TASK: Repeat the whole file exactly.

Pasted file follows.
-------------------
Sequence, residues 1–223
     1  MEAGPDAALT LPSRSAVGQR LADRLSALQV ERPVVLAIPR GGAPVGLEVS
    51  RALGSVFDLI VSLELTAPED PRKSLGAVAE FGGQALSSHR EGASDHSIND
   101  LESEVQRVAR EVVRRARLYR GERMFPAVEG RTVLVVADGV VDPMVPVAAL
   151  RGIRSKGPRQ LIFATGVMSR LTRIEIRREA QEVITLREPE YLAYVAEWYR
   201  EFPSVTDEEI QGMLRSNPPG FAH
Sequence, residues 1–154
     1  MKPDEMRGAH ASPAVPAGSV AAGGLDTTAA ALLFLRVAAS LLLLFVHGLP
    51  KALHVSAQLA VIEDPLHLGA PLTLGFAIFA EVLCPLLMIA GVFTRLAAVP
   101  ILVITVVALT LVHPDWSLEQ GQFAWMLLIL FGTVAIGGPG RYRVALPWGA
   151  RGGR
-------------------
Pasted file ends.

Sequence, residues 1–223
     1  MEAGPDAALT LPSRSAVGQR LADRLSALQV ERPVVLAIPR GGAPVGLEVS
    51  RALGSVFDLI VSLELTAPED PRKSLGAVAE FGGQALSSHR EGASDHSIND
   101  LESEVQRVAR EVVRRARLYR GERMFPAVEG RTVLVVADGV VDPMVPVAAL
   151  RGIRSKGPRQ LIFATGVMSR LTRIEIRREA QEVITLREPE YLAYVAEWYR
   201  EFPSVTDEEI QGMLRSNPPG FAH
Sequence, residues 1–154
     1  MKPDEMRGAH ASPAVPAGSV AAGGLDTTAA ALLFLRVAAS LLLLFVHGLP
    51  KALHVSAQLA VIEDPLHLGA PLTLGFAIFA EVLCPLLMIA GVFTRLAAVP
   101  ILVITVVALT LVHPDWSLEQ GQFAWMLLIL FGTVAIGGPG RYRVALPWGA
   151  RGGR